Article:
And what it means for global violence against girls and women.
Last week, actress and gamer Felicia Day posted an entry on her blog – “Crossing the Street” –to share her concerns that an online gaming campaign has made her fearful to engage with a culture she truly enjoys. Knowing full well that her words could (and now have) result in an outpour of angry, abusive, and downright vicious attacks, Day’s post has caught attention from the media struggling to understand the ugly phenomenon known as GamerGate – an online movement of gamers openly harassing female bloggers, developers, and critics with violent threats of rape and death. Yes, as women speak out against the violence, victimization, and inequality in video games, the response has been actual violence, harassment, and real threats to their safety.
The objectification of women in entertainment is nothing new. One needn’t look very far to see over-sexualized, scantily clad women being dominated by men. Flip through the closest magazine or look at the nearest billboard. Within the gaming culture, women have expressed increasing concern from the way female gamers are treated, to the actual representation of women in games and the amount of gratuitous violence and commodification of female characters. In the popular action-adventure game series, Grand Theft Auto, male characters are free to not only engage in sexual encounters with prostitutes, but also kill them and take their money back. In September, Japanese developers announced a new head-mounted display game that includes a pair of realistic fake breasts that players can grip as they look at a virtual image of a girl whom they can sexually assault. Yet, those who feel uncomfortable with the alarming direction games are headed are not only being shut out of the conversation, they are now being physically threatened. Ironic, isn’t it?
As we grapple with the reality that violence against women, sexual assault, and the objectification of women’s bodies continues to be deemed as an appropriate and acceptable form of “entertainment” in Western countries, the latest conversation around GamerGate highlights a global reality: physical, sexual, and emotional violence threatens every single girl and woman, every single day of her life. According the latest report from UNICEF, an adolescent girl dies as a result of violence every 10 minutes somewhere in the world. Yet, these deaths represent only the most extreme assaults in a long continuum of violence faced by girls on a daily basis, usually at the hands of those closest to them.
Is this the world we want our girls to grow up in? A world where 1 in 4 women is physically or sexually abused during her pregnancy? A world where more than 39,000 girls under the age of 18 experience early or forced marriage? A world where 98 percent of the 4.5 million forced into sexual exploitation are girls and women? A world where two young girls in search of a toilet can result in brutal gang rape and death? A world where violence is the second leading cause of death among adolescent girls globally?
Our girls deserve a world where they can transition into womanhood without sexuality and gender roles dominating and defining the trajectory of their lives.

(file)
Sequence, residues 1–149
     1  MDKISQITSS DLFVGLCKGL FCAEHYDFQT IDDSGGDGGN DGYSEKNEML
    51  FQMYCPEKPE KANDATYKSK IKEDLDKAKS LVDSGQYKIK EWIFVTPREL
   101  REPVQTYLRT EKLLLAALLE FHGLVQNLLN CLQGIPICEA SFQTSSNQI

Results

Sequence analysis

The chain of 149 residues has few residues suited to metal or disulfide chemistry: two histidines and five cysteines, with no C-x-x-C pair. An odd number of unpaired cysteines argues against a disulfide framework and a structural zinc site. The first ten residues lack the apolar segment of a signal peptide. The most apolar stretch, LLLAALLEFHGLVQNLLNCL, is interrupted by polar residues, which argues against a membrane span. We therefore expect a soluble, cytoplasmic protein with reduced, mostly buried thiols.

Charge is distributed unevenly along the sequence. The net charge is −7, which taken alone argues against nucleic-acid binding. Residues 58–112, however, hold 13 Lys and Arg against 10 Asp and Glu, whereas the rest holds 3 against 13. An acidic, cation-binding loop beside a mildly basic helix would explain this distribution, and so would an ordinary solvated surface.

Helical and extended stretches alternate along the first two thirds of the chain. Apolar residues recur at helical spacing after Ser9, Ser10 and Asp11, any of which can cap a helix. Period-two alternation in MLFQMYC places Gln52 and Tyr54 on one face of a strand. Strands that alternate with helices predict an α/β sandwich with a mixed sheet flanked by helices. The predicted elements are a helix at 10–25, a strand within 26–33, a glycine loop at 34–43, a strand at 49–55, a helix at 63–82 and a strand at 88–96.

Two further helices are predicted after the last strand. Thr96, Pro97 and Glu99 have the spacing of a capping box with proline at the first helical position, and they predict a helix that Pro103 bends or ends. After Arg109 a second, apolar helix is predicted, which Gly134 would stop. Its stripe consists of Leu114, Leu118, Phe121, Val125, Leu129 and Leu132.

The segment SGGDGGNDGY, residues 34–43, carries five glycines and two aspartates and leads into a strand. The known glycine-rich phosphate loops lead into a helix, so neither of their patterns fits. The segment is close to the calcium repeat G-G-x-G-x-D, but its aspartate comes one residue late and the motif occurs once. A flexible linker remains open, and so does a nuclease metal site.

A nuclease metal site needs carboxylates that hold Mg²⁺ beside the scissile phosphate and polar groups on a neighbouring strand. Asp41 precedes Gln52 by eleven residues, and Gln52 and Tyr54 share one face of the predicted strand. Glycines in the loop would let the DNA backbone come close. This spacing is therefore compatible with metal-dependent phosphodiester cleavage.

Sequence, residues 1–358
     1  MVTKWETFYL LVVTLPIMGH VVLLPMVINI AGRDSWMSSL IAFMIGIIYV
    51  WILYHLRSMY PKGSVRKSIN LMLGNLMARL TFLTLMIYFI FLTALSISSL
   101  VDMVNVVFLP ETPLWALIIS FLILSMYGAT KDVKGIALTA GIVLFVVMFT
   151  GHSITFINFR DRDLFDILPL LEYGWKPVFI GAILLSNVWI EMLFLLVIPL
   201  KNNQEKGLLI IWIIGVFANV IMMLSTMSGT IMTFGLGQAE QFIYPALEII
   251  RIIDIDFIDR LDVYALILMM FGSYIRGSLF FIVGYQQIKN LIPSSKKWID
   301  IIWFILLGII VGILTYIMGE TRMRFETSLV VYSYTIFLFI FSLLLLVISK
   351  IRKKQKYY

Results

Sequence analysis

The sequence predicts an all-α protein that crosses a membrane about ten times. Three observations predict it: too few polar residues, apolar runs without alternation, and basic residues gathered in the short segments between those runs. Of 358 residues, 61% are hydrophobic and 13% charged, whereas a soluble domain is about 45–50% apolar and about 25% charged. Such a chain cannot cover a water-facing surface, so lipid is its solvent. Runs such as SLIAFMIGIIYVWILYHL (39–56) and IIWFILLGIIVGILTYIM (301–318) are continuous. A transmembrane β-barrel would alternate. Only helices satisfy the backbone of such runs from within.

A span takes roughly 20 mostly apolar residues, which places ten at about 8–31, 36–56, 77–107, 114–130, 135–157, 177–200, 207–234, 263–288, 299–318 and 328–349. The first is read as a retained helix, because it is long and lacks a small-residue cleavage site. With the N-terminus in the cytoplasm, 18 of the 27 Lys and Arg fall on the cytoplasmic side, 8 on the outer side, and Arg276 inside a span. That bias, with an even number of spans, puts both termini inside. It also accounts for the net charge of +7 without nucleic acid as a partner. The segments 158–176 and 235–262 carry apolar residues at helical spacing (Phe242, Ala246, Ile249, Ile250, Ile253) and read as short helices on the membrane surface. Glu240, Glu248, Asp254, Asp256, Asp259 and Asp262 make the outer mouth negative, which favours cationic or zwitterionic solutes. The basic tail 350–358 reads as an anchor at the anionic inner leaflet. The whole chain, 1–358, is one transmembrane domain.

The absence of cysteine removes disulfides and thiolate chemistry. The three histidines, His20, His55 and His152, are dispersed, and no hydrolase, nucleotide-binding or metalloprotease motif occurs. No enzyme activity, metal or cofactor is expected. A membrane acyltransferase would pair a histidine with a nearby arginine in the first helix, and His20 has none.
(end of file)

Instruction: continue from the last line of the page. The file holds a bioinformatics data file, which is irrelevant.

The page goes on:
For many girls, their first experience of sexual intercourse is unwanted or coerced. Those married as young brides face especially high risks of physical, emotional, and sexual violence along with limited to no personal freedom or decision-making power. The continued lowered status of girls in our global society, coupled with the tendency of men and boys to exert power, are key factors in the high rates of violence experienced by adolescent girls. And when these realities carry into adulthood, those patterns of violence and limitations become a burden for every generation.
Next month the world will commemorate the International Day for the Elimination of Violence Against Women – a reminder that violence against women is a human rights violation that impedes global progress in many areas, including poverty combating HIV/AIDS, and peace and security, as well as a call for action. So what can we do? Here are some ideas:
- Raise awareness: Participate in Orange Day – November 25th – by wearing something orange to highlight the calls for the eradication of violence against women. You can submit a photo online with the message, “I wear orange because…”
- Continue the movement: Join ongoing campaigns like VDAY and ManUp working to engage youth, advance gender equality, and transform communities, nations, and the world.
- Raise your voice: Look for public rallies and events, such as “Take Back the Night”, raise money for community-based rape crisis centers or women’s shelters, or organize a fundraiser to benefit those working to end all forms of gender violence.
- Educate yourself: Attend programs, take classes, watch films, and read articles and books about multicultural masculinities, gender inequality, and the root causes of gender violence. Educate yourself and others!
- Engage more than just girls and women: Check out organizations like MenEngage who work with men and boys to promote gender equality.
We have the ability to end violence against girls and women, not overnight, but in a generation. To do it, we need a global shift in the attitudes towards women, and that means teaching boys and men to challenge and change attitudes around violence and sexism. We must continue to educate and work with young boys and girls to promote respectful relationships and gender equality. And we must not wait for an annual observance to begin. The time to end violence against girls and women is NOW.